The first thing is that partners must truly share a common goal right from the very beginning. The second is that the parties must each pull their own weight in trying to reach that goal. Third, I think is to have a good communication channel between all parties. A common problem is when one partner suddenly loses interest and starts chasing something else leaving the other partner to carry all the weight of the work. Having a good communication channel might help identify problems from the start and address them. In cases like this MTDC tries to settle the issues between the partners. However, often time the best we can do is to help find alternative pathways to resolve the issues such as finding a more compatible partner.

How does foreign partnership benefit local business?

Foreign partnerships are best at bringing new technologies not available in Malaysia or vice versa. Foreign partnerships will help open up international markets for our local companies and in particular, help negotiate with the local business regulatory agencies and other entities such as financial institutions that play important roles in supporting the business in the host country.

What does MTDC do to engage foreign partners for our local companies?

We do that through a number of ways. MTDC is engaged by other agencies such as the Ministry of Foreign Affairs under its Malaysian Technical Cooperation Programme (MTCP) to train other developing countries from many parts of the world in commercialisation of research. Very often we bring our companies as speakers so that they can network and create potential business leads. There are many such platforms for local companies, such as local business events and also events that take place abroad.

MTDC also has strong networks with foreign business organisations or embassies of foreign countries and is involved with business matching activities. For example, MTDC co-sponsored the Malaysian Robotics and Automation Society’s (MyRAS) business matching event for several Korean robotics companies when they were in Kuala Lumpur recently. We also attend dialogues in various countries and we are on constant lookout for opportunities for companies in our ecosystem.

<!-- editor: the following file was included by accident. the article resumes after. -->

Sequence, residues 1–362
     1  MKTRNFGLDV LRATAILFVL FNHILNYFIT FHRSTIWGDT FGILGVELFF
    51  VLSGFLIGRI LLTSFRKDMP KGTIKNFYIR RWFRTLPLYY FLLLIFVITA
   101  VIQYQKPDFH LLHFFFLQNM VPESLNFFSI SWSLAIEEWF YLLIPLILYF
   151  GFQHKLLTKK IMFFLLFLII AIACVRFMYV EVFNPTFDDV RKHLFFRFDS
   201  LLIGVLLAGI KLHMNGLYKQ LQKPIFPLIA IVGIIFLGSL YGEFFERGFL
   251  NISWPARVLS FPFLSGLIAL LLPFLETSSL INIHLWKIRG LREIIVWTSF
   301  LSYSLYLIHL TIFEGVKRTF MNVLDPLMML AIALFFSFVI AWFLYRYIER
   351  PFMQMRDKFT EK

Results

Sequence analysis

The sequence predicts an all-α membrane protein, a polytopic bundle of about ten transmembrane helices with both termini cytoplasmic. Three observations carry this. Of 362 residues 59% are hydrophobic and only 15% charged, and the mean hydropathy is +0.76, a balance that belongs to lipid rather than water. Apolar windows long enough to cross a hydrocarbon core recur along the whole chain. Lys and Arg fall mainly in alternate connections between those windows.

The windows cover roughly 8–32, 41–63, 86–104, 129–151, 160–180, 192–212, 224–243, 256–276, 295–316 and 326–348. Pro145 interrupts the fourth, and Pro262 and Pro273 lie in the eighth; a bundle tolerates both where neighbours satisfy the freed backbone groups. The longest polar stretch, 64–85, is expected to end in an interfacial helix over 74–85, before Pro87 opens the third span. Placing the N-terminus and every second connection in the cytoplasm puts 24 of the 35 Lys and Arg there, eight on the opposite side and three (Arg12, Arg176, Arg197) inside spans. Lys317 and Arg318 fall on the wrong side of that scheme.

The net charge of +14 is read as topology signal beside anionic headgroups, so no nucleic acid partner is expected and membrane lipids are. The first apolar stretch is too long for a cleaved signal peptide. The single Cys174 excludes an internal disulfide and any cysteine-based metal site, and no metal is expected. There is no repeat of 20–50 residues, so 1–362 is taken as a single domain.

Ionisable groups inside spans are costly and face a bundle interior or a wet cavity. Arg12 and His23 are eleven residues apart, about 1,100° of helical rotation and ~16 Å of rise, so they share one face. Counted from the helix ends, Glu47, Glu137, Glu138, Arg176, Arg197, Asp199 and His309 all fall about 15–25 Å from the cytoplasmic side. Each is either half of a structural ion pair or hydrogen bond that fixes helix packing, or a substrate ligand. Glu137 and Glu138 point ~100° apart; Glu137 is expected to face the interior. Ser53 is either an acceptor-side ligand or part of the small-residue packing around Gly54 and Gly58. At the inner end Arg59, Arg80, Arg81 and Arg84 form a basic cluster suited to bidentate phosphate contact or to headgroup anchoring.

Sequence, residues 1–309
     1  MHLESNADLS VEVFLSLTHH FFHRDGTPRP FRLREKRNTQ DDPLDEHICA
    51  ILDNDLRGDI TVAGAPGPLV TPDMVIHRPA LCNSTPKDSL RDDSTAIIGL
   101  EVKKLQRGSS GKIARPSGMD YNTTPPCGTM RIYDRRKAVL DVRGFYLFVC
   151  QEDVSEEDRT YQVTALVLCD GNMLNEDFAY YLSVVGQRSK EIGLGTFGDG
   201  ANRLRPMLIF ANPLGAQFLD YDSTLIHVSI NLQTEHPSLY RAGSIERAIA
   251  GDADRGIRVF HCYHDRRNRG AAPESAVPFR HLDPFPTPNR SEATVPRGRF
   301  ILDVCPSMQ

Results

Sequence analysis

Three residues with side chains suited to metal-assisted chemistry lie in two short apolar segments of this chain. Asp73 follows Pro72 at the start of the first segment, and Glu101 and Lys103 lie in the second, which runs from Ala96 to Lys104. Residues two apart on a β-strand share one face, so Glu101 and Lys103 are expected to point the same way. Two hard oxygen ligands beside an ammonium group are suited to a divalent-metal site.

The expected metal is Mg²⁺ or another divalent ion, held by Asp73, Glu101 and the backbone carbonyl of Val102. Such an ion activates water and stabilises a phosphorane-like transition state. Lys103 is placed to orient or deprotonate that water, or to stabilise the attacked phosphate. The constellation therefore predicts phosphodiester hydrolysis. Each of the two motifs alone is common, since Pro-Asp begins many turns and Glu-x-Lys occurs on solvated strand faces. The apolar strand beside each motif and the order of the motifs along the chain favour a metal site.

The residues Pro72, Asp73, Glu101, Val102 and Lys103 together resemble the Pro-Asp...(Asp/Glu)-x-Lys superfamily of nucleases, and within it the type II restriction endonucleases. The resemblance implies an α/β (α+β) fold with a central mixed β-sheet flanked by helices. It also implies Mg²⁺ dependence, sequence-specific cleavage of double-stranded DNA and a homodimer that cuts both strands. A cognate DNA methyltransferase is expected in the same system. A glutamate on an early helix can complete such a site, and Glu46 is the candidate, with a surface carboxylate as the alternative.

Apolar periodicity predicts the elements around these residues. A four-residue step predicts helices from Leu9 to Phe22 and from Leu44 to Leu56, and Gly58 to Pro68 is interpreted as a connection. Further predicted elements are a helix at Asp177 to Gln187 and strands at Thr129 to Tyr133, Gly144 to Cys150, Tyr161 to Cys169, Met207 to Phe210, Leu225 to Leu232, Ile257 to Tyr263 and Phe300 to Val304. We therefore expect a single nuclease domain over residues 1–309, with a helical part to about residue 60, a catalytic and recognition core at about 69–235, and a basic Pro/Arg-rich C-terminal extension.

Give some examples of MTDC’s success stories in matching partners in business.

There are numerous examples of this. We have matched Symbiosis companies with technology providers and this has resulted in a number of start-up companies; a company making biodegradable solvent has signed up a distribution agreement with a Turkish company that we introduced; we introduced a small fund recipient company whose expertise is in IOT devices and other electronics to a much larger fund recipient companies providing integrated automation and IOT solutions and these two companies are now in discussions; and a F&B company needed to ramp up their production by acquiring a retort technology, an area they did not have expertise and MTDC matched with a suitable partner that has led to R&D collaboration.

Another example that we are proud about is a small fund recipient company involved in machine vision that we introduced to a public listed investee company some years ago. Upon mentoring by the public listed company, the small company is now in the process of getting itself listed.